I thank Senators Regan, McDonald, Quinn and Bacik for the welcome they provided in respect of the Bill. At the conclusion of my initial contribution, I stressed a number of points relating to the legislation. In the first instance, the Bill does not merely respond to the judgment handed down by the High Court in the Dillon case, it does so in a generous manner. All the Senators who contributed to the debate echoed my assertion in this regard. The Bill embraces the spirit of the judgment to which I refer and recognises that citizens have a right to communicate with each other and that a simple, uninvited approach from a person who is begging is not to be seen as a criminal offence. That would be a disproportionately unreasonable response. The Bill, therefore, clearly establishes that an offence of begging arises only in the event of the subject being harassed, obstructed or assaulted. In other words, an offence will be deemed to have been committed in circumstances where the interference by one person with the rights of another is of sufficient seriousness to merit action by the law. The Bill recognises there are several interests to be taken into account. Traders have made their concerns known. For example, Senator Quinn referred to the shop owner with 11 shops in Dublin 2 and his particular concerns. Every citizen who wishes to go about their business without undue interference also has legitimate concerns. This is especially so in circumstances where the person is operating an ATM or night safe.
On the other hand, we are obliged to ensure the person who is begging is treated in a manner that is fair and that shows understanding and sensitivity to their particular circumstances. None the less we cannot ignore the public order aspects which have been given coverage on radio shows and in other broadcast and print media. We must deal effectively with the nuisance being caused. The Bill strikes a reasonable and fair balance between all those considerations. This is demonstrated most clearly by the arrangement in section 3 whereby gardaí can direct those who are begging to desist and move on. This approach represents a serious effort by the authorities to avoid having to prosecute those who are begging and, more especially, it seeks to ensure imprisonment is a very last resort.
Turning to the other major aspect of the Bill, I have no hesitation in stating that when it comes to the pursuit of those who organise and direct begging, there is no question of taking a moderate approach. Organised begging exploits weaker people, including children. The so-called workers are often begging under duress and are not at liberty to leave. This form of begging brings hardship and in many instances severe pain. We may not know the earnings but they are substantial. Organised begging is without doubt a form of organised crime. Much headway has been made in coming to terms with this ugly phenomenon in recent times, be it in regard to extra surveillance powers or anti-trafficking laws as well as improved police co-operation, whether cross-border or international.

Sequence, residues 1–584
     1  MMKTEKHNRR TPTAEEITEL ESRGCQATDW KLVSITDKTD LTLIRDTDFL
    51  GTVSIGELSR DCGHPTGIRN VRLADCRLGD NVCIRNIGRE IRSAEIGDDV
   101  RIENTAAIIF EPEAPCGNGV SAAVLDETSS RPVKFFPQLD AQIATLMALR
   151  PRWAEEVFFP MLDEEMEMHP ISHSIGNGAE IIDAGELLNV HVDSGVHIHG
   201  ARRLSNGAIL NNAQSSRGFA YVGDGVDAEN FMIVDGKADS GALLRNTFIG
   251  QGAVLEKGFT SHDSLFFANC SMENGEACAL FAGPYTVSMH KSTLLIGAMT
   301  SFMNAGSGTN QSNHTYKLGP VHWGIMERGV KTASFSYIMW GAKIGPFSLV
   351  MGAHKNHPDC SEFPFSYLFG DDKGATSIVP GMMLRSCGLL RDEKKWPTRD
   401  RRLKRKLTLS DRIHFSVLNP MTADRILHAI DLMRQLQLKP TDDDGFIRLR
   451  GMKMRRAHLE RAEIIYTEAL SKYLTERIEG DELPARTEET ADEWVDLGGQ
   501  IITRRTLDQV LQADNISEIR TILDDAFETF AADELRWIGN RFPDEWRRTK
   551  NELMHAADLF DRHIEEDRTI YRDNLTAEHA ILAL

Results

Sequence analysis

The proposals in the Bill are directed at another manifestation of organised crime and add to the armoury of powers available to fight this scourge. All in all, this short Bill makes a very strong and valuable contribution to dealing with begging in all its manifestations. I know Deputy Dermot Ahern, as Minister for Justice and Law Reform, was very conscious of the different proposals that were put forward by all political parties while this matter was debated in Dáil Éireann and he took some of those viewpoints on board in further work on the Bill. I am grateful for the overall comment that it is a very positive and proportionate Bill dealing with a subject in which we want to ensure we achieve the correct balance.
To deal with specific issues, Senator Lisa McDonald asked about the question of busking. I understand that those engaged in busking may argue they are not begging since they are performing or providing entertainment, which is often the case, as we know. As the Senator said, such entertainment can enhance an area and add colour to our streets. Buskers, however, are expected to behave in an acceptable manner. They must not cause obstruction or nuisance and they must comply with directions from a garda, for example, to move on where necessary. The Criminal Justice (Public Order) Act 1994 contains provisions on all of these issues and provides the Garda Síochána and its members with the necessary powers for enforcement. I believe the current law is adequate in this respect and that busking can add much of benefit.